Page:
PIC


Figure 2: A domain (rectangle) with three interior points (empty circles) and two boundary points (full circles). This is an exterior boundary, i.e. the boundary points are located outside of the physical domain.

Depending on the physical setup — and depending on the personal taste — the boundary points should be located either inside or outside of the physical boundary. The boolean parameter boundary_internal_x_lower specifies whether the boundary points extend inwards at the lower x face. Figure 3 shows the same example, but with internal boundary points.


PIC


Figure 3: A domain (rectangle) with two interior points (empty circles) and two boundary points (full circles). This is an interior boundary, i.e. the boundary points are located inside of the physical domain.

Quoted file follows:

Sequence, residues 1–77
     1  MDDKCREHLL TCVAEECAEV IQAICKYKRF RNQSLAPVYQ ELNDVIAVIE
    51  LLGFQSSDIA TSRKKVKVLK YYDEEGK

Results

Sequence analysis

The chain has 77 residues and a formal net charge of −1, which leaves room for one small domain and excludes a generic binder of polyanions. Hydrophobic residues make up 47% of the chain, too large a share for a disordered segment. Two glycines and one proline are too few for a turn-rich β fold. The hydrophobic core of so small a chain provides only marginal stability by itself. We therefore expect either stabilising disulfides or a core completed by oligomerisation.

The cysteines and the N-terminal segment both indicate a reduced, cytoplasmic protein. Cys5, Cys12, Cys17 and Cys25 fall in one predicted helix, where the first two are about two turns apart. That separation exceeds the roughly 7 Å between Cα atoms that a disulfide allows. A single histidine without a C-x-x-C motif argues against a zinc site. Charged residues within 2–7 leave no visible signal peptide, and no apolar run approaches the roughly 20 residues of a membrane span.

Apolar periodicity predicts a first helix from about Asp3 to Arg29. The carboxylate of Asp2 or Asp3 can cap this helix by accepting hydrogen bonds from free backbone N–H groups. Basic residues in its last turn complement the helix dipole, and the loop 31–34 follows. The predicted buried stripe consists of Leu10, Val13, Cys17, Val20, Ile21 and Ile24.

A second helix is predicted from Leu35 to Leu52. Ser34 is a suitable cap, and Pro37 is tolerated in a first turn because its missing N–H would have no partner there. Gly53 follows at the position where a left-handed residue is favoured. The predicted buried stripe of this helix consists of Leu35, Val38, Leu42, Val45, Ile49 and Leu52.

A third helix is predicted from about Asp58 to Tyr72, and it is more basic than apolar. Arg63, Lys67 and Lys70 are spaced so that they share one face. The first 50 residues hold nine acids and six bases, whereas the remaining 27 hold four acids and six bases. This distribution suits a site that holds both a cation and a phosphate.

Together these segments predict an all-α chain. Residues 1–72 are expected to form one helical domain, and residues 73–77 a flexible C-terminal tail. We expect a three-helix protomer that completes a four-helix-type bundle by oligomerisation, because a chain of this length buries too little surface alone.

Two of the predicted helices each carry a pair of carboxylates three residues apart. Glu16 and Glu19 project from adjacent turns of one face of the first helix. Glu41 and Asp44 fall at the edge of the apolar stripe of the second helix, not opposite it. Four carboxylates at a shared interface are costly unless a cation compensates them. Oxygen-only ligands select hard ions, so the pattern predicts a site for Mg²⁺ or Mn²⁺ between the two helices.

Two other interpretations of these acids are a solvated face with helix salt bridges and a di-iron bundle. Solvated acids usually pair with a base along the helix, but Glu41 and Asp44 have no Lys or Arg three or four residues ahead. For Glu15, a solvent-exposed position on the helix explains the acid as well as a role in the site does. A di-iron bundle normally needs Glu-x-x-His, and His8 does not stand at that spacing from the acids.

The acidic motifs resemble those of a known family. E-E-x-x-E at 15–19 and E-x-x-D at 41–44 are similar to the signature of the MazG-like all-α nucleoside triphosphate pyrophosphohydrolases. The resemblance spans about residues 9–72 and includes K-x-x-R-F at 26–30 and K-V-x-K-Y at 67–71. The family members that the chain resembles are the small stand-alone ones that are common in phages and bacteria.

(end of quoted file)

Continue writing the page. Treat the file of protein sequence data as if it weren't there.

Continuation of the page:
Depending on the physical setup — and depending on the personal taste — the boundary points should either be staggered about the physical boundary, or the last boundary point should be located exactly on the physical boundary. This is specified by the boolean parameter boundary_staggered_x_lower. Figures 4 and 5 show exampled of external and internal staggered boundary points.


PIC


Figure 4: A domain (rectangle) with three interior points (empty circles) and two boundary points (full circles) which are staggered about the physical boundary. (This is an exterior boundary.)


PIC


Figure 5: A domain (rectangle) with two interior points (empty circles) and two boundary points (full circles) which are staggered about the physical boundary. (This is an interior boundary.)